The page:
In addition to socioeconomic disparities and a lack of inclusive research on mental health, the APA identifies stigma, distrust and limited access to diverse and culturally competent health providers as barriers to care for Black Americans.

For Mental Health Awareness Month, ABC News’ Janai Norman led a Good Morning America digital roundtable conversation on what many consider the taboo topic of mental health for Black women, exploring how racial injustice and the “strong Black woman” trope impact mental health.

Black women speaking out to change the conversation

For Ianne Fields Stewart, a New York City-based activist and storyteller, being given the power to rest was a transformative experience.

“Your work has been a massive part of how I’ve done my own healing,” Fields Stewart told Hersey during the conversation.

Fields Stewart, who identifies as transgender and uses the pronouns she/they, said that while growing up in Birmingham, Alabama, the myth of the strong Black woman was the “model of womanhood” she tried to emulate and follow.

Now, she said she no longer believes that “every Black woman must be a strong Black woman,” but wonders what spaces are left for Black women to hold.

“The problem is that I don’t think we’ve yet decided what Black women can be in this space that’s left behind,” said Fields Stewart, adding separately, “Do we have space for soft Black women, for emotional Black women, for Black women who aren’t really good at their jobs, but are great as people and human beings … or even that we don’t have to talk about black women in terms of what we can contribute, but as far as we are just being?”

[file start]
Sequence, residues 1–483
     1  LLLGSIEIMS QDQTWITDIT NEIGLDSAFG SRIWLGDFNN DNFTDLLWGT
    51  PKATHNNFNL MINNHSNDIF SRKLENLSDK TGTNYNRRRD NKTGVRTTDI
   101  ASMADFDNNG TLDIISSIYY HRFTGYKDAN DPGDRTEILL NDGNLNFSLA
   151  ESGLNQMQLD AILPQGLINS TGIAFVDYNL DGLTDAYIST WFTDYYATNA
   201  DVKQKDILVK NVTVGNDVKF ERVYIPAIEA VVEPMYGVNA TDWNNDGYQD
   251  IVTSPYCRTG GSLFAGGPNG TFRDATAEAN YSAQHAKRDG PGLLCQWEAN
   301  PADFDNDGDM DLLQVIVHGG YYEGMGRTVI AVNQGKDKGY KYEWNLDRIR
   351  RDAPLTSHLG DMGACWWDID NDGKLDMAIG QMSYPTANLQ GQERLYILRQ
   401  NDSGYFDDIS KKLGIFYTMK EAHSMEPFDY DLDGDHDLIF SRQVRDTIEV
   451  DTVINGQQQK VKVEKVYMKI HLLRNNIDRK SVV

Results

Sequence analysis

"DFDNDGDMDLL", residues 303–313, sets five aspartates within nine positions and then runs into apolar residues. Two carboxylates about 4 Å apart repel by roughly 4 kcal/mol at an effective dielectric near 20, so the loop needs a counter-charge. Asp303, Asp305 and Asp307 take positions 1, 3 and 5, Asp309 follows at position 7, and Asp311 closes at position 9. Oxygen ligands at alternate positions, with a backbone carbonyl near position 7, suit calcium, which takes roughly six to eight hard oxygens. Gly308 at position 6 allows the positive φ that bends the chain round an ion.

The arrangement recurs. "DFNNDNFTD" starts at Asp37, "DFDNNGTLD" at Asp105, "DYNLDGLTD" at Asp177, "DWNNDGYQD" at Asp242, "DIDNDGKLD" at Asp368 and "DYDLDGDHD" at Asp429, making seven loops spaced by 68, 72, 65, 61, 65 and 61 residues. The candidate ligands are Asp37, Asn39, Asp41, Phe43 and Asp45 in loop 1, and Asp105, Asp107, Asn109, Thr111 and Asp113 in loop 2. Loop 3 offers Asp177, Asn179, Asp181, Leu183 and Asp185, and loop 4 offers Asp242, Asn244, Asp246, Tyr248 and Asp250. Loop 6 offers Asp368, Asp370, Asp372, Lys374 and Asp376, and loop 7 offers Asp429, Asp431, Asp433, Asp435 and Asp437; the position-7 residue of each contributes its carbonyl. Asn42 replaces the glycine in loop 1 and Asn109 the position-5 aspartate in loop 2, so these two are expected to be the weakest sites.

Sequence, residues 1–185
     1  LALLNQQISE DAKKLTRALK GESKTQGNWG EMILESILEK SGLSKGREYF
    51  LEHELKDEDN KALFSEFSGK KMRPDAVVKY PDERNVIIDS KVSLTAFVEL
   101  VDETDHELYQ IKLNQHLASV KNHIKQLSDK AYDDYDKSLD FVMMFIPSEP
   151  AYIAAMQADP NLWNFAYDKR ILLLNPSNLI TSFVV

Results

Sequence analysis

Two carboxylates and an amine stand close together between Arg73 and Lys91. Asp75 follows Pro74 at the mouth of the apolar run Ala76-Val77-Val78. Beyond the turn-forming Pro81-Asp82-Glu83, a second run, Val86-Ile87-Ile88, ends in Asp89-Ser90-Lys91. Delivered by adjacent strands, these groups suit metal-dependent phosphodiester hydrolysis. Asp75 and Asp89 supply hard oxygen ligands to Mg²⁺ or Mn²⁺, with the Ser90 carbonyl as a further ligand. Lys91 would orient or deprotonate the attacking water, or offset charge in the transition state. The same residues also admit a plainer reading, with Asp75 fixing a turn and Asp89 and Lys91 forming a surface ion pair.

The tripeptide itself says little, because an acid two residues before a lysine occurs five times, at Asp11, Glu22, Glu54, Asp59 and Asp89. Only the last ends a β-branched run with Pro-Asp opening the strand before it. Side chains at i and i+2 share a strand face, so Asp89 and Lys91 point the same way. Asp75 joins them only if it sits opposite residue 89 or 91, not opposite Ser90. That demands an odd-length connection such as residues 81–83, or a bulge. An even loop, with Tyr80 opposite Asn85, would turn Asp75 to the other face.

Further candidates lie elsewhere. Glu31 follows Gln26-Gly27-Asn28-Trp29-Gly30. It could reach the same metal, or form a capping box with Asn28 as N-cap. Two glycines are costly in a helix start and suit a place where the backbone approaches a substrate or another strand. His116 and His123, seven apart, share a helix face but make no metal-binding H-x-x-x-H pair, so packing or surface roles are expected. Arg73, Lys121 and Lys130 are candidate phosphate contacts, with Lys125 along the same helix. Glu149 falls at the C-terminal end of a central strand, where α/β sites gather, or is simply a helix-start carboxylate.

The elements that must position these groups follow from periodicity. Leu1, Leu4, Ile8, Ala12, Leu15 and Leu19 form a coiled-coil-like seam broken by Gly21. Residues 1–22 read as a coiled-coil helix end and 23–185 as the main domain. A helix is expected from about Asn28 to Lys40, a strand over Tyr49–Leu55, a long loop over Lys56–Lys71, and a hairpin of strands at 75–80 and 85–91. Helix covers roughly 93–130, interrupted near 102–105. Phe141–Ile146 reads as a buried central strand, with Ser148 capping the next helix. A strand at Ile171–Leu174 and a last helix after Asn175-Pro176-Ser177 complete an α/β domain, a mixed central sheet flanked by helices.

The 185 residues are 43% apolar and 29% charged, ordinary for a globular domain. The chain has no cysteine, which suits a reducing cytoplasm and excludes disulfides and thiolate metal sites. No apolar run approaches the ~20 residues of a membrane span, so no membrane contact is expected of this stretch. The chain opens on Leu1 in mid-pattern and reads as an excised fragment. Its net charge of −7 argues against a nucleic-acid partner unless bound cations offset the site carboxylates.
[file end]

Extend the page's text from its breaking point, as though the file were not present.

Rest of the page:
Fields Stewart, an actor and founder of The Okra Project, which works to provide meals to Black trans people, said when the pandemic began two years ago, it forced her to think about the spaces she held.

“I was someone who defined myself by what I did, and suddenly when the pandemic struck, I didn’t have an industry anymore,” she said of her acting profession. “I didn’t have anything to ground me.”

The experience, according to Fields Stewart, made her question the weight of the pressure she was under.

For Hersey, the start of the pandemic was a time to embrace what she called the new “slowed down, not normal.”

Hersey noted that, pre-pandemic, mental health in the Black community was already in “crisis.” The pandemic motivated her to expand her work with The Nap Ministry to reach more people.